A-20G Havoc in D-Day camo, MPM 1/72

Model, text and images by Luca Cinacchio

The kit

I was looking for a subject not so mainstream in 1/72 scale, possibly not a small fighter but a medium bomber: so when i saw somewhere on Ebay this kit i decided to buy it.
The kit comes in a sturdy box with a nice box-art on the top. The plastic is not too soft and not too stiff... perfect, with plenty of fine details and fine recessed panel lines.
Transparent parts look good to. The decals look to me not so great, but they are ok. A nice, complete PE frette gives you plenty of added details. Instructions seems clear, but as i discovered later they are sometimes a little vague.
Fitting is so so... don't expect parts fitting like a glove as you find in a Tamiya kit, and be ready to use a good amount a filler, and lot of sanding.


The Build

Assembly started as usual with the cockpit. There are plenty of details to tranform it in a very busy office. I started with a classic interior green followed by post-shadow and highlights.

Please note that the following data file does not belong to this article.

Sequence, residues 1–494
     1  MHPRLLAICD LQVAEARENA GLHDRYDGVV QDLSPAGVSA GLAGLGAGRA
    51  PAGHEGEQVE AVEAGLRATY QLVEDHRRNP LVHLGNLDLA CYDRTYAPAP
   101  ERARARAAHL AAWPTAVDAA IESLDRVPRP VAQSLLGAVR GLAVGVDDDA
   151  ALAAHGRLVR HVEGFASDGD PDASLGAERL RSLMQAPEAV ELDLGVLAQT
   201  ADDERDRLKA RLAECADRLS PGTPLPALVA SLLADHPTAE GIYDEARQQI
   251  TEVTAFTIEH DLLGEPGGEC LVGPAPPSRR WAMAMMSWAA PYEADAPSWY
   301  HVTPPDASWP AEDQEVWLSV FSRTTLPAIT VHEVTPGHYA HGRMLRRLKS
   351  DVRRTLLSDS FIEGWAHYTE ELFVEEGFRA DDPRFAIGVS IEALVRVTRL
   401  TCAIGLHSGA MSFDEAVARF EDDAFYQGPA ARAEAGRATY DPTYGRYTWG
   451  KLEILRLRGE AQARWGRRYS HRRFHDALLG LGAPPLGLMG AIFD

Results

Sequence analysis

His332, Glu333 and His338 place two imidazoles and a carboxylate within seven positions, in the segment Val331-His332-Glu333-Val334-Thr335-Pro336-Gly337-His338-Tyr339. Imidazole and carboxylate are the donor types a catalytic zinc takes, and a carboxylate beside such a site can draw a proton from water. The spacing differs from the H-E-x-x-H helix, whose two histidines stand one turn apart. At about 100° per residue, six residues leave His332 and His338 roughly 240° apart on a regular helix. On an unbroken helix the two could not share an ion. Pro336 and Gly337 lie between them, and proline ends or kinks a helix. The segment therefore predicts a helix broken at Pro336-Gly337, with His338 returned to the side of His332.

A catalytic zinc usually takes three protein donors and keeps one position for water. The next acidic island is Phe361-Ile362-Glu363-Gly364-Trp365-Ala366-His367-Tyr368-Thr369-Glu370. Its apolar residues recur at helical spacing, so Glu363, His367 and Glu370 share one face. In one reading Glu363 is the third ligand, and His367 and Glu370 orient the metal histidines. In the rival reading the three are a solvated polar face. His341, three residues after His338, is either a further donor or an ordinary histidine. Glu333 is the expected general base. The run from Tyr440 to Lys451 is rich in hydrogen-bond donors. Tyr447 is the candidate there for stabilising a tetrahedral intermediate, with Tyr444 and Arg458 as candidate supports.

Details were picked with a brush and Vallejo colors. A couple of washed and some drybrush completed the job. don't forget to add lot of weight inside the nose: this bird is a tail-sitter!

With the cockpit completed, i assembled the fuselage and the wings: as you can see at the wing's rooth there is a large gap: it will be filled with CA and glue... and lot of patient sanding!
Painting started with the lower side.. honestly i don't remember what Vallejo mix I used for the gray. I used also the pre-shading technique, and some highlights later, as you can see in the pics...


For the main camo, i wanted to try something different. I had the AK set of olive drab, so i decided to try a Modulation Colors on a plane, instead than on a tank... I masked the lower surfaces and then i sprayed the varius tone, starting from the base coad, then going with the shadows, and finishing with the light. In the images you can see some of the steps.

Invasion strips time!!! I know... there is an old debate about these strips. They were originally brush painted, in a very roughly way. So realism would dictate to reproduce them using a brush... BUT i don't like that! So i decided to go with the airbrush and maskings, but with a compromise: lot of chpping, made with the hairspray technique.

The footstep at the wingroot is not a decal but was painted: it required a tedious masking job, but it was worthy of that, since it will take the weathering in a much natural way than a decal... Wheels were painted before inside, and then masked. Weathering was some mostly with oil colors: washed for the panel lines, and much less thinned for the streaks... 

The completed model





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